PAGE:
Well-known folklore?


The seriocomical history of this paper—or rather fragment—goes as follows:-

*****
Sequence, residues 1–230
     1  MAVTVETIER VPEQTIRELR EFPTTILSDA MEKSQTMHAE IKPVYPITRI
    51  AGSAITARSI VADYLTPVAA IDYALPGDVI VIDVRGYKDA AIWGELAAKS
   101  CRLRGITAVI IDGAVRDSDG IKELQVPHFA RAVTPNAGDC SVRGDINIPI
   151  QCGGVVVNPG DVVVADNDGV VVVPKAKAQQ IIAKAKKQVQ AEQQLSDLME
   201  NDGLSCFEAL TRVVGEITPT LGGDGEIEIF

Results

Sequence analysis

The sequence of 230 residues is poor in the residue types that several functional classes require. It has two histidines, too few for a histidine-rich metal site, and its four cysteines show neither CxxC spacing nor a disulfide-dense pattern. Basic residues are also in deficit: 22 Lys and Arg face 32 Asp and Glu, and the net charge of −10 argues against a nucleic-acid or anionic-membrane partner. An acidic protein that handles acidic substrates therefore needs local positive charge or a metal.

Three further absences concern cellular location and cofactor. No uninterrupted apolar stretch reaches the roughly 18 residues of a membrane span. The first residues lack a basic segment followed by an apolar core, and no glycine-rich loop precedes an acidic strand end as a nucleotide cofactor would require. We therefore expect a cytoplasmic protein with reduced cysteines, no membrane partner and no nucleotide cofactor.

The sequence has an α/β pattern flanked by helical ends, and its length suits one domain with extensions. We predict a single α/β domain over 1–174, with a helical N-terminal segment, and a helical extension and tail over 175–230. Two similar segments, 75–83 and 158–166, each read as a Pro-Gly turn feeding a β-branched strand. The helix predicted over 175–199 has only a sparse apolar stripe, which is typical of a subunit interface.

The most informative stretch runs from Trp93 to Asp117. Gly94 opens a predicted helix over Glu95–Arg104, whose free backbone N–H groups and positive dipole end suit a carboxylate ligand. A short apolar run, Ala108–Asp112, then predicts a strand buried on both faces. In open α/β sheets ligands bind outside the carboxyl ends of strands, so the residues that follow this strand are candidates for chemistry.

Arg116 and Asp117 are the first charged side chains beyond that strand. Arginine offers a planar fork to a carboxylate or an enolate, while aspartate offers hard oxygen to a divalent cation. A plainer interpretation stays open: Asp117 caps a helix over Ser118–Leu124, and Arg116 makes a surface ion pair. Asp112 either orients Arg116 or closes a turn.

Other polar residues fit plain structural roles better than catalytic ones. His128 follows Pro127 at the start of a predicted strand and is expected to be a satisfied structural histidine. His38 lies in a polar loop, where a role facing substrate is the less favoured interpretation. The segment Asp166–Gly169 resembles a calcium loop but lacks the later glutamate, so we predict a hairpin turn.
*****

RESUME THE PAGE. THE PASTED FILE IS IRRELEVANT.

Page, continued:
(1)  The five platonic solids, the crowning glory of Euclid’s Elements, are well-known to all mathematicians, as is the fact that the regular maps {p,q} that can live on a closed surface which is topologically equivalent to a round sphere are these five only, i.e., {3,3}, {3,4}, {4,3}, {3,5} and {5,3}.  By October 10, 2007, the date on which I had finished Cacti and Mathematicsin which paper, using patterns on plants as my cue, I have given a popular exposition of the result just mentioned – I was wondering as to what happens if one removes this topological constraint: does there exist a finite regular map {p,q} for any pairs of numbers p ³ 3, q ³ 3?  Surely, I reasoned, this natural question must have occurred to many since at least the time of Riemann, and its answer known by now, and if, per chance, such a sweeping generalization of the five platonic solids was true, it must surely be prominently mentioned in any of the three books devoted to such-like things that I happened to have in my library, viz., Coxeter’s Regular Polytopes, Coxeter and Moser’s Generators and Relations for Discrete Groups, and McMullen and Schulte’s relatively recent, Abstract Regular Polytopes.  However a quick and cursory browsing of these three books revealed nothing of this nature.  This apparent absence, especially from the second book, which is mostly about describing symmetry groups of finite regular maps, coupled with the fact that at the end of their initial recap of regular maps in the first chapter of the third book, the authors point out that dropping the requirement of symmetry gives many more maps, which they call equivelar – these were called uniform tilings in my exposition – led me to believe that there might be some group theoretic obstruction to building all regular {p,q}’s, but probably one did have all equivelar {p,q}’s?   So I persisted with uniform tilings only, and soon had so many diverse constructions of the same in my kitty that they seemed sufficient, but after typing up some I realized that I was still falling short … anyway, what I had already typed up seemed interesting enough, and that is what you’ll find in On Equivelar Maps … but you’ll note that its concluding section is frozen in mid-stride in a “pre”-version of sorts  … here you’ll see (p,q) instead of {p,q}, and the numbering of references is different … this is so because events had taken the following sudden turn at this point.